Five Laterals and a Trombone: Cal, Stanford, and the Wildest Finish in College Football History
Five Laterals and a Trombone: Cal, Stanford, and the Wildest Finish in College Football History

Five Laterals and a Trombone: Cal, Stanford, and the Wildest Finish in College Football History

By Tyler Bridges

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The wildest finish ever to a college football game occurred when five laterals on the final kickoff ended with a sprint through the opposing team’s marching band—prematurely in celebration on the field—for the winning touchdown. It was 21 seconds of action so unfathomable it has become known simply as The Play.

Five Laterals and a Trombone captures the madcap story as it developed in November 1982, tracing the ups and downs, mood swings, and hijinks surrounding the 85th Big Game between the University of California at Berkeley and Stanford University.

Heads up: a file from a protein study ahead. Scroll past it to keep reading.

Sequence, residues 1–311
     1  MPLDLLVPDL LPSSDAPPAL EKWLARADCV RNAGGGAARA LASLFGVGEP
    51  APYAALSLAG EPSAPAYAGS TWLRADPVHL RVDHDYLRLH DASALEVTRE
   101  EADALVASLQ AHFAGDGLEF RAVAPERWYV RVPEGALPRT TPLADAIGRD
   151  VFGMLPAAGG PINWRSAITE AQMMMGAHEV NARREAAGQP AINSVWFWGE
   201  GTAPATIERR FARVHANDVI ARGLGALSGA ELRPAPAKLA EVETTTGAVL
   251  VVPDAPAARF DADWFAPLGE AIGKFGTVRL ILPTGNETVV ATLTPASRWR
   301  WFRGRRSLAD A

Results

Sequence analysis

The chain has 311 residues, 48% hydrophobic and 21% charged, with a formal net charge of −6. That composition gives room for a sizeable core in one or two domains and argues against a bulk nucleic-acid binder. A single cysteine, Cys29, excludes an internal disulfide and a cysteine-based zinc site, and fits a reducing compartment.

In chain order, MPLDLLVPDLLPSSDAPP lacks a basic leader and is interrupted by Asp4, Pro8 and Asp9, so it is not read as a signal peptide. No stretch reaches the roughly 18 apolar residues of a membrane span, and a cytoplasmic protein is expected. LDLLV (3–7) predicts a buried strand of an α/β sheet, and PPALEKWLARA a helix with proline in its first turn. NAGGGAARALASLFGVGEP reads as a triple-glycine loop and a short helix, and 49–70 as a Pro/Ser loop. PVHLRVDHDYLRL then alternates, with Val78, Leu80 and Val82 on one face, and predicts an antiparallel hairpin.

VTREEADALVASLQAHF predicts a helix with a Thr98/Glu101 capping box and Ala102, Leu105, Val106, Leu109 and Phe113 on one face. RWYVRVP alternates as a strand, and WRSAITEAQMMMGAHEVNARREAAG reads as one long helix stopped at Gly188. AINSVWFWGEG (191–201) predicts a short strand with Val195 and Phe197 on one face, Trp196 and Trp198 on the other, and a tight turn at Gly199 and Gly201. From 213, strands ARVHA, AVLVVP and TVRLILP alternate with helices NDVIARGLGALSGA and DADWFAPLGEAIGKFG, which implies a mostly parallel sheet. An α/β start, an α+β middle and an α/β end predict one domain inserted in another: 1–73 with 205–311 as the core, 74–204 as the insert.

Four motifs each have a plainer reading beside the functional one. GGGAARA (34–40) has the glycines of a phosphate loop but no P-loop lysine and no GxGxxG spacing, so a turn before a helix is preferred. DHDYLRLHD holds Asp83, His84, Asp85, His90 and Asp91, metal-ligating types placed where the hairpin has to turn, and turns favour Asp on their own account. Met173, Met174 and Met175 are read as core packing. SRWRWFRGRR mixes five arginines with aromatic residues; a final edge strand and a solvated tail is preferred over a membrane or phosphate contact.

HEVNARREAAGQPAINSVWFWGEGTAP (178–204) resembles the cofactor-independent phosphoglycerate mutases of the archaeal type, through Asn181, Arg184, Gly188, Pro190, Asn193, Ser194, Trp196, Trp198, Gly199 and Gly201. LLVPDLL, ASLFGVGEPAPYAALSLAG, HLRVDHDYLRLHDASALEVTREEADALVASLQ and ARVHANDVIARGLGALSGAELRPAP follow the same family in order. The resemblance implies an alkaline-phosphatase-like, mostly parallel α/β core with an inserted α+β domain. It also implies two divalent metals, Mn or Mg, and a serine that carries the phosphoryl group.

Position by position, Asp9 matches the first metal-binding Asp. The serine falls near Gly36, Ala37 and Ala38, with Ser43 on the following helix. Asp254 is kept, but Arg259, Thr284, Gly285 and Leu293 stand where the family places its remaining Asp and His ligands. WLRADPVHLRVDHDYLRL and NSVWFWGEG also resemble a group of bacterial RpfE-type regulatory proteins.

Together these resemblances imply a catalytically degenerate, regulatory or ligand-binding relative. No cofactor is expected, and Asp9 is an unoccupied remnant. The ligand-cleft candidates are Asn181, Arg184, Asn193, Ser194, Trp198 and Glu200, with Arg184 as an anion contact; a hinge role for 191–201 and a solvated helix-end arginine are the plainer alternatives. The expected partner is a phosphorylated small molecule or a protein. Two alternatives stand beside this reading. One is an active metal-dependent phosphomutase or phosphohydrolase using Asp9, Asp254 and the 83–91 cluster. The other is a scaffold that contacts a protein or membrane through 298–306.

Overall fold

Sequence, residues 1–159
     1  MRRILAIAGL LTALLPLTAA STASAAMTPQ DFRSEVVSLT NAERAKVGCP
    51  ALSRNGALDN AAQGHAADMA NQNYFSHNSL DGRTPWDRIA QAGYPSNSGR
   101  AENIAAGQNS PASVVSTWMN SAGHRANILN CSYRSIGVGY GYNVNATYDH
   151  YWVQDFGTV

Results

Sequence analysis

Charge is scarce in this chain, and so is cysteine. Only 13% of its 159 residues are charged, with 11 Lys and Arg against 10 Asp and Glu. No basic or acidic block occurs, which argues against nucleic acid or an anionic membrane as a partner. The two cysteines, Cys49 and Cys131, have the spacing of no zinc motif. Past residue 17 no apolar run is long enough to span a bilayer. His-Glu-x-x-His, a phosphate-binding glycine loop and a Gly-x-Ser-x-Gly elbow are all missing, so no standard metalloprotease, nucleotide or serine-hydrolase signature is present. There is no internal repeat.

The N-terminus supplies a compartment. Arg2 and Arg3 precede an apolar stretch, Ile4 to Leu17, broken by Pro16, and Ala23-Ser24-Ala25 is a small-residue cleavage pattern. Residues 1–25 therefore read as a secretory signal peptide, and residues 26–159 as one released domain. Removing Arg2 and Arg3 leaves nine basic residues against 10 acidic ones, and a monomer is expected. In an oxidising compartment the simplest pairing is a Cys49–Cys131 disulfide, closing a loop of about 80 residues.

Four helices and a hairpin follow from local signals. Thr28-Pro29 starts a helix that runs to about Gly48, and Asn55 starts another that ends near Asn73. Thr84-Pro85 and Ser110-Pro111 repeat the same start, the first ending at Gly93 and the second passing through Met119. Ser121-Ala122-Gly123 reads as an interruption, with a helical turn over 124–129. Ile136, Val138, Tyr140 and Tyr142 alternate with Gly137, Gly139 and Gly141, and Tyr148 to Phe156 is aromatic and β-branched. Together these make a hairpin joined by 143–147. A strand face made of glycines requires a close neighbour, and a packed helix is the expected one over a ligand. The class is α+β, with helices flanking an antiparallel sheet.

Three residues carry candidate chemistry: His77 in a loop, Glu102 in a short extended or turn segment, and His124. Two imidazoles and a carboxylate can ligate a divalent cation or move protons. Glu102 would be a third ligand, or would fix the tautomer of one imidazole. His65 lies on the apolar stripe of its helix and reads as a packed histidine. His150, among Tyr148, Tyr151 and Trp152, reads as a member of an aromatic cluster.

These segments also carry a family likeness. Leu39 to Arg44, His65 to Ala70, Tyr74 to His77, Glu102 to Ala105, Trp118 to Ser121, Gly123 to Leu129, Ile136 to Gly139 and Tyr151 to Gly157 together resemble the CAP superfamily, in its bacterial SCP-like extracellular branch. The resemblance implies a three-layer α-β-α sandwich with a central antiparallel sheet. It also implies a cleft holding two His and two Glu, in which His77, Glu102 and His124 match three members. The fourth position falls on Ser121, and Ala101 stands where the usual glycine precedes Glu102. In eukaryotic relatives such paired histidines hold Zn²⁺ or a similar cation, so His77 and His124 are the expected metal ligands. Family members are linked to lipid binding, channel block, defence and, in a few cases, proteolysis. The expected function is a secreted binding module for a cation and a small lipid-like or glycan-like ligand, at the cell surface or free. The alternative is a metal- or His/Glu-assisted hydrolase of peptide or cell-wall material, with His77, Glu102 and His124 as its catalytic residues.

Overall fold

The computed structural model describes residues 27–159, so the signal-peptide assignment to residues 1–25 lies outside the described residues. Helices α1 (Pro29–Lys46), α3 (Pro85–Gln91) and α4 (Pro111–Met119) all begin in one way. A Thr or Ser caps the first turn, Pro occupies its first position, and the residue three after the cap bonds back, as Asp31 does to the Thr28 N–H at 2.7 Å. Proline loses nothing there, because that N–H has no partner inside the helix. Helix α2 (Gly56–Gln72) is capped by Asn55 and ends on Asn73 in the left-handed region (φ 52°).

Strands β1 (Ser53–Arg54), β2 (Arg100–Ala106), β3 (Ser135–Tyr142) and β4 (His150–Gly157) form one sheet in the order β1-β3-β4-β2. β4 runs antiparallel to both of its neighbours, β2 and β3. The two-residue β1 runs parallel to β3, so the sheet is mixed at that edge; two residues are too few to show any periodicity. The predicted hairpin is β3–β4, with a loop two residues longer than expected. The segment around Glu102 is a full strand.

Journalist Tyler Bridges has deftly reconstructed the pivotal moments and resulting lore thanks to hundreds of interviews with all the key figures on both sides of the rivalry, including players, coaches, referees, and stadium personnel. Among the memorable characters are Stanford star quarterback John Elway, Cal linebacker Ron Rivera, the final lateral receiver Kevin Moen, and the immortalized Cardinal trombone player Gary Tyrrell.

The Play was not televised live. There was no instant replay—let alone a viral video. In 1982, Steve Wozniak and Steve Jobs, who had founded Apple Computer Company in a garage only 10 miles from the Stanford campus, were just developing the first personal computers. It took hours for news of the rivalry game's outcome to spread across the country, yet football fans would remain enthralled by the bizarre sequence for decades to come.

 

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